October 30 - November 24, 2007
As Jack Black, spider man, black as himself. Black as expected! As Black Grace, Black Pearl, Black Rose; as Tar Builders Paper, Black Beauty, black star, liquorice, acrylic, the All Blacks.
Black As: to challenge our chromatic expectations and cultural sensitivity, playing with positive and negative elements - the black and the white of it. The title springs from Lonnie Hutchinson's former life lived in Auckland suburbs, and presides in positive affirmation of representational space and intercultural exchange. Here in the context of the art world, if we've learnt anything from painters like McCahon and Hotere, it is that where there is light (and white), there are many, many shades and reflections of blackness.
In Black As Lonnie has made black treats for the eyes not the taste buds.
Her "high-end" sellers are often indigenously branded, marketed and distributed internationally. They define the space as black and blackness is a fertile thing, bound to a creation story - a space defined by the love and union of Rangi and Papa. Black is the absence of colour, the colour of peace and reflection. Yet it carries the vocal tones of street resistance, hip-hop and youth culture. While also speaking of vitality, beauty and the stories encoded in the dual relationships of negative and positive space, of presence and absence. Touched by light, we find play in the subtle and shifting throw of shadow.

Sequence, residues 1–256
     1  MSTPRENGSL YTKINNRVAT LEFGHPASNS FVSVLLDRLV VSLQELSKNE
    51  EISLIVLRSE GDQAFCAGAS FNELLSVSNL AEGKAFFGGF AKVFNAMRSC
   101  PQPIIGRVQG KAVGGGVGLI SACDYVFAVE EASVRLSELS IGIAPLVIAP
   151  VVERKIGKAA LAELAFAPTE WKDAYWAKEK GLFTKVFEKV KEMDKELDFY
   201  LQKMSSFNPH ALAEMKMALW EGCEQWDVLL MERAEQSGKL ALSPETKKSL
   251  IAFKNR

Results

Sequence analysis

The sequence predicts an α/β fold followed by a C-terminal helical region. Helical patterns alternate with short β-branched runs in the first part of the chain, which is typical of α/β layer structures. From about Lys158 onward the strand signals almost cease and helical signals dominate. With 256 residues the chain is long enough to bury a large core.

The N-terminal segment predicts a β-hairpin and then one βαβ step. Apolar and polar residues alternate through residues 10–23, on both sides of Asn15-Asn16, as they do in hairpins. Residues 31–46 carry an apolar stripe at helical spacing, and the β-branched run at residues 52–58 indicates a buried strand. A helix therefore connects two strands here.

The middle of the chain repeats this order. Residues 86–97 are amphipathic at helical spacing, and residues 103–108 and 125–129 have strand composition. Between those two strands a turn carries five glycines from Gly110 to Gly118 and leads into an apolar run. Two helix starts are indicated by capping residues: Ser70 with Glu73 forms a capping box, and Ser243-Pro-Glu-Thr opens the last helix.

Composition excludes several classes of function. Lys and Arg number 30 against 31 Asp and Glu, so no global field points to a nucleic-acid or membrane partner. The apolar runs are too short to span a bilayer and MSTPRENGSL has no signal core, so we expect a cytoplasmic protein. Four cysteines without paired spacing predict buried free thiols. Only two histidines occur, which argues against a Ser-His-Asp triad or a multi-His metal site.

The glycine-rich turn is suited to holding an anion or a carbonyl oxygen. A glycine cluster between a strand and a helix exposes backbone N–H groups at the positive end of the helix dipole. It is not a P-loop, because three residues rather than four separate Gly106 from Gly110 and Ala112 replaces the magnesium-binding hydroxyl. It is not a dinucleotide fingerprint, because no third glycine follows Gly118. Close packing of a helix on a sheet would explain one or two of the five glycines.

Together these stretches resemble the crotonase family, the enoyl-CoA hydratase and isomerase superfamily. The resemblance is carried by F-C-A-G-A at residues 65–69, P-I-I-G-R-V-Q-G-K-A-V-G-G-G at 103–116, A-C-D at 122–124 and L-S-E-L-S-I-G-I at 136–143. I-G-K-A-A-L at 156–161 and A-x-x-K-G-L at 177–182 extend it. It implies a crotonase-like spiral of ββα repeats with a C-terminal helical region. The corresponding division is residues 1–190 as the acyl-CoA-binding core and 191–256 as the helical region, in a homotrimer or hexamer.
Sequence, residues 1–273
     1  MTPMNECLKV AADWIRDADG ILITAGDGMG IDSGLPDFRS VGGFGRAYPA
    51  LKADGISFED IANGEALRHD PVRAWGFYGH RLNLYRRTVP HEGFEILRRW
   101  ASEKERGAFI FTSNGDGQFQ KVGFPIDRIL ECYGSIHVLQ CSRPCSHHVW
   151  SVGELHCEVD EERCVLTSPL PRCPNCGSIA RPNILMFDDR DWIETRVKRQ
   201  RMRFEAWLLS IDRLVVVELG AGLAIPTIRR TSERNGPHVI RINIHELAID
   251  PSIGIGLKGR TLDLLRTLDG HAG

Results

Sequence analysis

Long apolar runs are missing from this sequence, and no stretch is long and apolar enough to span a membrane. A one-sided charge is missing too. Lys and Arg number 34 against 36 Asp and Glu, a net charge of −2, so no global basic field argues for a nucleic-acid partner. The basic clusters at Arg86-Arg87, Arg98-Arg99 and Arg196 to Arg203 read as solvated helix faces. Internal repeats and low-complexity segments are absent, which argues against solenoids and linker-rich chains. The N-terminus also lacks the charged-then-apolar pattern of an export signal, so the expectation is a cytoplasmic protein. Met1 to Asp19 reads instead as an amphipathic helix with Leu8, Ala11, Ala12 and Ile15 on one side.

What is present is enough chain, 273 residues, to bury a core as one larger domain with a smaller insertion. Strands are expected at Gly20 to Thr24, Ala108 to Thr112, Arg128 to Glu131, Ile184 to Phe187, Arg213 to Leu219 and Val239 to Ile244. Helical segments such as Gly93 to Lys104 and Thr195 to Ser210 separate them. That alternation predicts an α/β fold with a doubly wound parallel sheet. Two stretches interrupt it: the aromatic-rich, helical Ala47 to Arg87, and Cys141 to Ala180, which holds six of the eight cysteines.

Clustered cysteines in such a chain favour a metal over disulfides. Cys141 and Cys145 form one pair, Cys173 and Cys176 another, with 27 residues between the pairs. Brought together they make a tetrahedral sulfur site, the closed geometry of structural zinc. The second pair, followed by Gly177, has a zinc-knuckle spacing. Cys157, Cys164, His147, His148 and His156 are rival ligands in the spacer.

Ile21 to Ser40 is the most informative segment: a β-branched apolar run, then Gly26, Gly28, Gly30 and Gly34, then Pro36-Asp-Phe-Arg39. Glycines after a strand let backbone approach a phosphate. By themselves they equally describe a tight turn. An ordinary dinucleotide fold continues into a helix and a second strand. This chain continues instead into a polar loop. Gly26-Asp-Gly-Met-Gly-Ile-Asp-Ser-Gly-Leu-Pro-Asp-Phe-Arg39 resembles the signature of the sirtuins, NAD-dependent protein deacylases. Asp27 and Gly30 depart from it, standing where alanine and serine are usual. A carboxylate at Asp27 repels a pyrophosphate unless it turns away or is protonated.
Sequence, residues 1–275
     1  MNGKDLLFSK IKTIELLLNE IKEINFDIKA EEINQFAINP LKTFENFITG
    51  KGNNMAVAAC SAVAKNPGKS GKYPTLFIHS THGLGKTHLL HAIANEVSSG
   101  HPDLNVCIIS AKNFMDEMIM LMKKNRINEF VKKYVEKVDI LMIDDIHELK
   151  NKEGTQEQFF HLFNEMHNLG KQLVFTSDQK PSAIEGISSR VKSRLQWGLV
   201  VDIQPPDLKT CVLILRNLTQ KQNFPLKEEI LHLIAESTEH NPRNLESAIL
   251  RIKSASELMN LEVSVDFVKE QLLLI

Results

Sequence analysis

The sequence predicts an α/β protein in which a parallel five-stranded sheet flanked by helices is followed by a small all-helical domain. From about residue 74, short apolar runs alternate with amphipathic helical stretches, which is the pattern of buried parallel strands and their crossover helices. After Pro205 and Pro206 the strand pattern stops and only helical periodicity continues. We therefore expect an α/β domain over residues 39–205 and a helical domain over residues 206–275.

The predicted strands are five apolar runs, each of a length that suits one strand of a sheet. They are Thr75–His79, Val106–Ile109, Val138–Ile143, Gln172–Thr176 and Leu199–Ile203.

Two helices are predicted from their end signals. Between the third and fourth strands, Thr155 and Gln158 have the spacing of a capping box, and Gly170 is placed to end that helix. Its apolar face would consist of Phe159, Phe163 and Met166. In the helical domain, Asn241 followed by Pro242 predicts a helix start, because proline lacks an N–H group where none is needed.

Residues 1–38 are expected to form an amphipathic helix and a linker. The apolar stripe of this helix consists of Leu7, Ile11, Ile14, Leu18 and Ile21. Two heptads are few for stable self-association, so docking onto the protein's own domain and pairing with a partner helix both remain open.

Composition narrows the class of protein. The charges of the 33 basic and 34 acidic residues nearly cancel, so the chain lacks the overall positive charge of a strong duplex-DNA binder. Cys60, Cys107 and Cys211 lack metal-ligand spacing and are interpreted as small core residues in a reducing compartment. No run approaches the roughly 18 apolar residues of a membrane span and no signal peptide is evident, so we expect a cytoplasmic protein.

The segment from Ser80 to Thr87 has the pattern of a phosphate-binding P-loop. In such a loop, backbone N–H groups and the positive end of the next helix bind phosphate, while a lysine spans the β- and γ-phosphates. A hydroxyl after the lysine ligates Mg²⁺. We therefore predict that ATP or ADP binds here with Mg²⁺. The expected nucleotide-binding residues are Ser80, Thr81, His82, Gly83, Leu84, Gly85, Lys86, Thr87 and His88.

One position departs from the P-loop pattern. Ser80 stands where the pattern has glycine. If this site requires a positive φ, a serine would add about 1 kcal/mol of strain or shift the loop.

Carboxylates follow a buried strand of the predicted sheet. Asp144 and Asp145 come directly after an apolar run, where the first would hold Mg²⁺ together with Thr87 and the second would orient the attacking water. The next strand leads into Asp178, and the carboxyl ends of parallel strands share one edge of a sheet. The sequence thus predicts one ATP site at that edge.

"So you want to stretch out like a snail and catch all the people you love."
Lonnie's life has become nomadic, her ideas more fluid and her production more technologically dependent. Shrinking global business and the space where art and life divide, technology has become her friend. Every lived experience is a creative reason to congregate, to dance, to involve friends, to share the homespun charms of Nana and the kids, stories and references to previous work/s and travels. Here the personal, the handmade and the everyday seems more fragile and precious than before. So we may like to curse the speed and darker side of globalism, but our rapidly changing environment doesn't appear to have hampered our creativity. Indeed, for Lonnie it has enhanced what being creative means. Her growing visibility internationally is allowing a new sense of fellowship and belonging.